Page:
Wednesday, April 20, 2005

It Came From Netflix! Frog-g-g!

With video cameras and digital equipment making filmmaking more affordable, we’re seeing a trend towards folk making spoofs of cheapie sci-fi fare (the most famous of which is The Lost Skeleton of Cadavra, although I think Destination Mars is even better). This is because many people fanatically love those sorts of movies, and because making such a film on a shoestring budget only makes it more authentic.

From the title, you’d expect Frog-g-g! to be much the same, a riff on the environmental monster movies of the ‘70s. Instead, it’s not so much a spoof as an exact recreation of such a film. In fact, for the most part it could be a dead serious movie from that period that was thought lost and just recovered.

Dr. Barbara Michaels is an EPA scientist investigating mutations occurring in a small, insular town. These are the result, no surprise, of toxic chemical shenanigans perpetrated by (three guesses) a dastardly local capitalist. Despite receiving flack from many of the locals, Michaels remains undaunted. However, things are even worse than she thinks, and the mutations rather more severe…

Or so I thought for a good 60% of the movie, during which it plays exactly like a Roger Corman film from that period, such as, say, Piranha. (In fact, the movie is basically a riff on Corman’s oft-remade Humanoids of the Deep.) Then, all of the sudden, the monster is introduced. I was thrown so much by how silly the monster suit was, because, you know, I’ve seen Bog.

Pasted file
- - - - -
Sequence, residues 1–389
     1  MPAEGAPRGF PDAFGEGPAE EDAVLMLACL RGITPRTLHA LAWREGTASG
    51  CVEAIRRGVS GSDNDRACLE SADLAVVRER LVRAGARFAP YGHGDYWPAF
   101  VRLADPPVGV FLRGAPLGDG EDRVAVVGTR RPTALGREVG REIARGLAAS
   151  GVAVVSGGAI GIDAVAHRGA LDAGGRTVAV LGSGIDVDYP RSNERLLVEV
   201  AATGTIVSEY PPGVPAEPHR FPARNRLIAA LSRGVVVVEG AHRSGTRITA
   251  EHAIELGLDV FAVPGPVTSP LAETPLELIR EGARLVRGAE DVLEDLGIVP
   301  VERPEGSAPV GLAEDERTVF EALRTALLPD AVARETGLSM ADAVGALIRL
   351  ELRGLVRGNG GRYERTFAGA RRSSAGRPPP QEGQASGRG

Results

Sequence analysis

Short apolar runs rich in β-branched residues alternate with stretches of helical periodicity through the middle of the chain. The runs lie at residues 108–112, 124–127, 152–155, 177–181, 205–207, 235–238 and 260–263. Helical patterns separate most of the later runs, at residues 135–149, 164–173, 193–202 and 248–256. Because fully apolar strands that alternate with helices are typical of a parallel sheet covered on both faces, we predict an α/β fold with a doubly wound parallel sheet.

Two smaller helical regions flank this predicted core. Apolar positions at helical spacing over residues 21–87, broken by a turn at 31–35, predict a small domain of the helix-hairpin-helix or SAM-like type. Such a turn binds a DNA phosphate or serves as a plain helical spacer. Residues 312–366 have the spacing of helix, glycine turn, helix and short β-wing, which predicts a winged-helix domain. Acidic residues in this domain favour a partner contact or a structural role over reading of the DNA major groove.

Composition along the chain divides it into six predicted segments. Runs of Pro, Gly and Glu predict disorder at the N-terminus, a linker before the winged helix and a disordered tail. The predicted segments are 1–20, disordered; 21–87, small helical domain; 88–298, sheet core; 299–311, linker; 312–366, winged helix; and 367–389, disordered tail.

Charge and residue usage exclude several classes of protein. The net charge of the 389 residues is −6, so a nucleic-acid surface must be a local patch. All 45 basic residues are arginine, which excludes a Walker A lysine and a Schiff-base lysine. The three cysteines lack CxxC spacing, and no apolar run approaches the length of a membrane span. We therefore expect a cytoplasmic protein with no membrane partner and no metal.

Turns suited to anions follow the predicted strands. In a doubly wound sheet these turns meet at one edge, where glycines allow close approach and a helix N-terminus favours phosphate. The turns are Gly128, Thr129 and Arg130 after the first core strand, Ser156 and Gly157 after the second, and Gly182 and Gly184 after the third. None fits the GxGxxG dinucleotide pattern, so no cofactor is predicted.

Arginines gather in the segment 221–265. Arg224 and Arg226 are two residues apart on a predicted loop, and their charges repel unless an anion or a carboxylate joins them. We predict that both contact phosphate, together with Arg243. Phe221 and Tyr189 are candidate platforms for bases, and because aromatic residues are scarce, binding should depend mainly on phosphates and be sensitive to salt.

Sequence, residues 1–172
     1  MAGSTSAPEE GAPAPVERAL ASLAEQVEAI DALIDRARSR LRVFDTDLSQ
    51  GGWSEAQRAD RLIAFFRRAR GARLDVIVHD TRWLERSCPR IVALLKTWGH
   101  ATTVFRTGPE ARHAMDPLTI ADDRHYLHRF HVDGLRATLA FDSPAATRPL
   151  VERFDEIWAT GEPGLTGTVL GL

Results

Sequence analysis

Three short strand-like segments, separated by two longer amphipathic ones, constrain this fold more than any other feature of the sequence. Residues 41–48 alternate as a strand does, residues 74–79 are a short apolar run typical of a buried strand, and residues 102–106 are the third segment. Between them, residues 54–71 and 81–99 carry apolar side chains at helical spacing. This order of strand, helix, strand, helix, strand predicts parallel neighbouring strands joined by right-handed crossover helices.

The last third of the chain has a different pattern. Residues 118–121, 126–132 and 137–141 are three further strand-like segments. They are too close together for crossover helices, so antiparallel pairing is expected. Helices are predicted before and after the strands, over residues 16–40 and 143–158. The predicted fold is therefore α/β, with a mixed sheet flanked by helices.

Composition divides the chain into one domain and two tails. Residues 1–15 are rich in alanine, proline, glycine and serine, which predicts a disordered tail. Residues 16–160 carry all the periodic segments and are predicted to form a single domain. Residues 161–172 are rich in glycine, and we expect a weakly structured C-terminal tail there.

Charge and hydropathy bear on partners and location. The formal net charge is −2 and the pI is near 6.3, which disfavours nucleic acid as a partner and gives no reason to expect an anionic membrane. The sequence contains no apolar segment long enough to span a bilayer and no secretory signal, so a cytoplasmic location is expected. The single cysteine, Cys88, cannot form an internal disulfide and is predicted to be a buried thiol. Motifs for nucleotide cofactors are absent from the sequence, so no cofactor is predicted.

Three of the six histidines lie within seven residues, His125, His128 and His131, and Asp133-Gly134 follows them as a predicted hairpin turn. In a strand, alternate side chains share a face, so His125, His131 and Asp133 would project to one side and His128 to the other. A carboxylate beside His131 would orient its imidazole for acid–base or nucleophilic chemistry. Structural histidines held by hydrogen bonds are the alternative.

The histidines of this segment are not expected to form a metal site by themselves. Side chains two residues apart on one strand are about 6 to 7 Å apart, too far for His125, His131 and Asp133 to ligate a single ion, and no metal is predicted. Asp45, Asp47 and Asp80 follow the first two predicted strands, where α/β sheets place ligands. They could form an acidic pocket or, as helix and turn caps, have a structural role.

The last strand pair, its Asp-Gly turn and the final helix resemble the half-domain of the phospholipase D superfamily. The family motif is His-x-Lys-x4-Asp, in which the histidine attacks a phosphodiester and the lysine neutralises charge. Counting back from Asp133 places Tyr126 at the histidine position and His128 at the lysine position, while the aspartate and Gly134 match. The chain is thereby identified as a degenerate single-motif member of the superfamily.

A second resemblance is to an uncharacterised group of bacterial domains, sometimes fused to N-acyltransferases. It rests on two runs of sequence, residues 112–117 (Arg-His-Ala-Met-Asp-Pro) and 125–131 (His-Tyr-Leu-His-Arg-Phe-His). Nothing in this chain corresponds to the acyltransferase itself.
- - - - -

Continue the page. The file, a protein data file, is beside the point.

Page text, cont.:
However, the scant scenes that feature the monster are played pretty much entirely for laughs, despite being the only scenes in the movie that are done that way. Therefore, I’m really not sure what to make of the film. I enjoyed it, but I was left scratching my head as to what they thought they were up to. I can see a straight out spoof; I can see a dead serious recreation of such a film, and I can even see a mostly straight horror film heavily leavened with comedy (or vice versa). However, a film that is entirely straightforward 95% of the time and pure Borscht Belt comedy the other five perfect---the five percent built around the film’s monster—well, I don’t know what to make of that.

Corman vet Mary Woronov has a highly tauted appearance in the film, but it’s just a quick cameo.

5 Comments:

At 11:14 AM, Anonymous Governor Breck said...

Re:
Destination Mars. Is that the actual name of the picture? I looked it up on Netflix and they didn't have it and imdb only has a documentary from 1996 under that title. I rented The Lost Skeleton of Cadavra based on your recommendation last summer and thoroughly enjoyed it, so I'd like to check this one out too. Frog-g-g has already been added.
Thanks!

 
At 11:32 AM, Blogger Ken Begg said...

Sadly, Destination Mars is still being retailed basically by the guys who made it. You can pick up the disc for $25 (personally I thought it was worth it, although milage may vary), if you search for "Destination Mars" DVD on eBay and check the merchant section.

Basically the film is homemade, and all the more incredible for that fact. A nifty little item.

 
At 5:38 AM, Blogger BeckoningChasm said...

I wonder if Frog was an unfinished film that someone bought, and decided to finish as a comedy?

 
At 5:56 AM, Blogger Ken Begg said...

No, it was clearly made by one set of guys. There's even a 'making of' doc, although it doesn't address what I was talking about.

Like I said, the whole thing is just weird.

 
At 9:50 AM, Anonymous "Blockbuster online" said...

I am looking for some good "netflix rental" resources for our ratings and review websites and believe it or not, yours popped up when I searched for "netflix rental" sites. After reading your posts, I can see why Google led me to your site. Even though it's not what I am looking for, I'm glad I stopped long enough to read this post - thanks. Just thought you'd like to know.

 

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